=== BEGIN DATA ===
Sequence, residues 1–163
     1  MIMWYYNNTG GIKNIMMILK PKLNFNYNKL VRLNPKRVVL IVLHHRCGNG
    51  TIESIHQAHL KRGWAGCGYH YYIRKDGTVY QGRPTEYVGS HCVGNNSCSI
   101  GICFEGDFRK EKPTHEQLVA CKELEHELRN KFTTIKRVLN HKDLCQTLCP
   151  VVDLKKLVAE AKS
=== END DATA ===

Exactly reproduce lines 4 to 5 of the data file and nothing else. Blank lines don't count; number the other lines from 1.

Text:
   101  GICFEGDFRK EKPTHEQLVA CKELEHELRN KFTTIKRVLN HKDLCQTLCP
   151  VVDLKKLVAE AKS